Critical race theorists, analysts and educators say that CRT does not attack individual students for their privileges, but rather, it makes them aware of how different systems in the U.S. discriminate against others.
The Michigan bill seeks to ban “anti-American and racist theories, reading guides, lesson plans, activities, guided discussions, and other resources that promote that the United States is a fundamentally racist nation, that the United States Constitution is a fundamentally racist document, and that certain races are fundamentally oppressive or oppressed.”
The bill also bans discussions around the following ideas, which the Republican bill cites as “anti-American” and “racist”: Read The Bridge Michigan article for the specifics of other discussions that are banned.
If Michigan districts teach any of the banned material, the district would lose 5 percent of their state funding. The legislation does not specify who would determine whether a teacher or school district had violated the ban.
The bill was referred to the Senate Committee on Education and Career Readiness. No date has been set for a hearing.
What do educators say?
Banning the teaching of CRT is not a healthy or constructive way to solve the race issues in the United States. In fact, limiting or forbidding discussion makes it seem as if it is bad to talk about. Justin A. Coles, an assistant professor at Fordham University Graduate School of Education, believes this approach “only strengthens and perpetuates systemic racism.”
The National Education Association (NEA) has accepted that CRT is not merely confined to academia but is in fact also being taught in K-12 schools. And the NEA thinks this is a good thing that should be defended. In fact, at its yearly annual meeting, the NEA adopted New Business Item 39, which essentially calls for the organization to defend the teaching of critical race theory.*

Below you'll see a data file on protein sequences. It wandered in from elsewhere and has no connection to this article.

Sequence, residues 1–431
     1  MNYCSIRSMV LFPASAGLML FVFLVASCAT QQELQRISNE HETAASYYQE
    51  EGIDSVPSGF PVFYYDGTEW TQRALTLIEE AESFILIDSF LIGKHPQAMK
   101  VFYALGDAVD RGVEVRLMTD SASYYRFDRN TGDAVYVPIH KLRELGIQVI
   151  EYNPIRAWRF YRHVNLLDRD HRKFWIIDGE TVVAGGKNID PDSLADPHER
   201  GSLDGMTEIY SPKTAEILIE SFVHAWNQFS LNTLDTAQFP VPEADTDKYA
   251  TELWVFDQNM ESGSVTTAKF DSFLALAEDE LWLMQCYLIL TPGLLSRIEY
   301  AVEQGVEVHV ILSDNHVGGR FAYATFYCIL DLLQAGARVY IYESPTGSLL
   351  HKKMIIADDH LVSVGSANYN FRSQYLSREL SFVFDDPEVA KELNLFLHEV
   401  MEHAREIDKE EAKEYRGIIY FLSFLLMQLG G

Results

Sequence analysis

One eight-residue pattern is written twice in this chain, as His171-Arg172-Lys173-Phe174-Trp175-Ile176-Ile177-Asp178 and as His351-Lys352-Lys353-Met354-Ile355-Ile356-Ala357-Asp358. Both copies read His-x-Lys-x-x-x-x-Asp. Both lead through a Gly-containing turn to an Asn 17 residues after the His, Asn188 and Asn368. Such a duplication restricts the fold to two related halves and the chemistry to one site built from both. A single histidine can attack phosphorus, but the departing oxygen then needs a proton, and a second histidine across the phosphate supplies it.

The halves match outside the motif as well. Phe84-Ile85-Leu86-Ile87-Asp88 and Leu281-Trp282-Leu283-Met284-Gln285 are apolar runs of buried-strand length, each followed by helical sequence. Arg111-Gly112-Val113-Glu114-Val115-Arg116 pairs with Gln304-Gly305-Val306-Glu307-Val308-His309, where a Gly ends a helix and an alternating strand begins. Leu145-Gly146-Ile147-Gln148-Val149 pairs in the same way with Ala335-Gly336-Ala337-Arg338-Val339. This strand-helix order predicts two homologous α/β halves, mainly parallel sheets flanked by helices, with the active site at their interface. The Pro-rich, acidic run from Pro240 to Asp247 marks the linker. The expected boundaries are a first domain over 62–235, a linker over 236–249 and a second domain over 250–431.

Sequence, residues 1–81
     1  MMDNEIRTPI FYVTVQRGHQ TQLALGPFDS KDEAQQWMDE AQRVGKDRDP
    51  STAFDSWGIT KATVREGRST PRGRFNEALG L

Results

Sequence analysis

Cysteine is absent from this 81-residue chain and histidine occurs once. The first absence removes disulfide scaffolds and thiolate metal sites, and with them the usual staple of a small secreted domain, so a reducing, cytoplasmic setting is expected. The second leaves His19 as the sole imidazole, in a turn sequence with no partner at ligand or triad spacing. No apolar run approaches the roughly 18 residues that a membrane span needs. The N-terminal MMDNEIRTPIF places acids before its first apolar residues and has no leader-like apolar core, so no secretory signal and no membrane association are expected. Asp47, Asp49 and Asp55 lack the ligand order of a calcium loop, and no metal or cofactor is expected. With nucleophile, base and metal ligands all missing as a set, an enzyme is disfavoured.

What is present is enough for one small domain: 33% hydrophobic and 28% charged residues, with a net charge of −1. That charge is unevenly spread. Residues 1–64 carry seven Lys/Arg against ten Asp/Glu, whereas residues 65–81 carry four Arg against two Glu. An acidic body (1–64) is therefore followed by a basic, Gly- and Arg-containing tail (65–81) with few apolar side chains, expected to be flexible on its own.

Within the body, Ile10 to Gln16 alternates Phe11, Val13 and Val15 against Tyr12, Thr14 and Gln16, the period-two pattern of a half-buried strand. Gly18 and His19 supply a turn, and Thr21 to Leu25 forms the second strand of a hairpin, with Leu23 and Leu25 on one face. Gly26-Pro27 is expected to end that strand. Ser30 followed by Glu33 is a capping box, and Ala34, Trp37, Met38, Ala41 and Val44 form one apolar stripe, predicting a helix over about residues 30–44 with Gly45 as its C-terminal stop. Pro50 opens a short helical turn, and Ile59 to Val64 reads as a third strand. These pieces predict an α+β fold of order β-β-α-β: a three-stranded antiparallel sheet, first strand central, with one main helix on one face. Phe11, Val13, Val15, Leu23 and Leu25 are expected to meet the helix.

Some educators believe that “Students deserve an honest understanding of our history and its episodes of both greatness and shame if we hope to learn from our past,” In the K-12 classroom, CRT can be an approach to help students understand how racism has endured past the civil rights era through systems, laws, and policies—and how those same systems, laws, and policies can perpetuate racial inequality but can be transformed. CRT helps us recognize that even policies not explicitly predicated on race are not objective—they can actively function to reproduce racial inequality.
Janel George, an adjunct professor at Georgetown University’s McCourt School of Public Policy, affirms in her article, Critical Race Theory Isn’t a Curriculum. It’s a Practice in EdWeek, that it is important to recognize how this framework helps educators examine historic and contemporary racial inequality and to equip students with the tools to help eradicate it.
Critics of the bills
Dorinda Carter Andrews, chairperson for the Department of Teacher Education and professor of race, culture and equity at Michigan State University said she believes this bill and others across the country are intended to “ban any discussion of racism that deviates from the narrative the way that the American historical narrative has been told in schools.” If the bill were to become law, she said, it will make teachers hesitant to have classroom discussions around racism.